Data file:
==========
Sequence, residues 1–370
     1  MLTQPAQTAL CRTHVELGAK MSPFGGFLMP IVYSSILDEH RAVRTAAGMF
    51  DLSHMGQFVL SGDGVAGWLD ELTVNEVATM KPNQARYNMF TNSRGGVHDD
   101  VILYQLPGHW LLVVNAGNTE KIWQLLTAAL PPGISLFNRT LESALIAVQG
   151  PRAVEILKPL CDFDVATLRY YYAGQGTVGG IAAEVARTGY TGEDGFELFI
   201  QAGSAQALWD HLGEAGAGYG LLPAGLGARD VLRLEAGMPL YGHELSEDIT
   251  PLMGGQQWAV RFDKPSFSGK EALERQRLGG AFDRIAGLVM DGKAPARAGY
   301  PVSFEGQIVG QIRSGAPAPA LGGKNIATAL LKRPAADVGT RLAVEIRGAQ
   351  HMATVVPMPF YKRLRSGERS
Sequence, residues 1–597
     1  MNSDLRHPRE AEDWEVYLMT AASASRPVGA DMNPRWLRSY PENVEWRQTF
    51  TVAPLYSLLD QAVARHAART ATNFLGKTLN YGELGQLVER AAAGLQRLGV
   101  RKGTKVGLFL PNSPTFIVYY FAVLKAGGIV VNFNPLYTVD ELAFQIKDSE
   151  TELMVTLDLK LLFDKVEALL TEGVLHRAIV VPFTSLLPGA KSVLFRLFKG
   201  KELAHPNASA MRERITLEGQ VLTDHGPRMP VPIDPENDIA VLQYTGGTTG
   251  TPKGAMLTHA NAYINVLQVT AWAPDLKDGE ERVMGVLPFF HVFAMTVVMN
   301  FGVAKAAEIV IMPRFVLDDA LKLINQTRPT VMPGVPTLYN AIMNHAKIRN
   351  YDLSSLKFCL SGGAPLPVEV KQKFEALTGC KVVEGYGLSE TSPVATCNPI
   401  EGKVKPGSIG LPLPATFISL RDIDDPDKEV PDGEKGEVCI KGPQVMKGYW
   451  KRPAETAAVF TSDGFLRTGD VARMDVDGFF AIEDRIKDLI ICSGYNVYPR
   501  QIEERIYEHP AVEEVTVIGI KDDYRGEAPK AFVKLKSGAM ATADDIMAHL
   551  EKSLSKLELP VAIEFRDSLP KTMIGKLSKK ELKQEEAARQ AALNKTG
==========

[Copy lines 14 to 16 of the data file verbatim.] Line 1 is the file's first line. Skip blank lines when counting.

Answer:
   151  TELMVTLDLK LLFDKVEALL TEGVLHRAIV VPFTSLLPGA KSVLFRLFKG
   201  KELAHPNASA MRERITLEGQ VLTDHGPRMP VPIDPENDIA VLQYTGGTTG
   251  TPKGAMLTHA NAYINVLQVT AWAPDLKDGE ERVMGVLPFF HVFAMTVVMN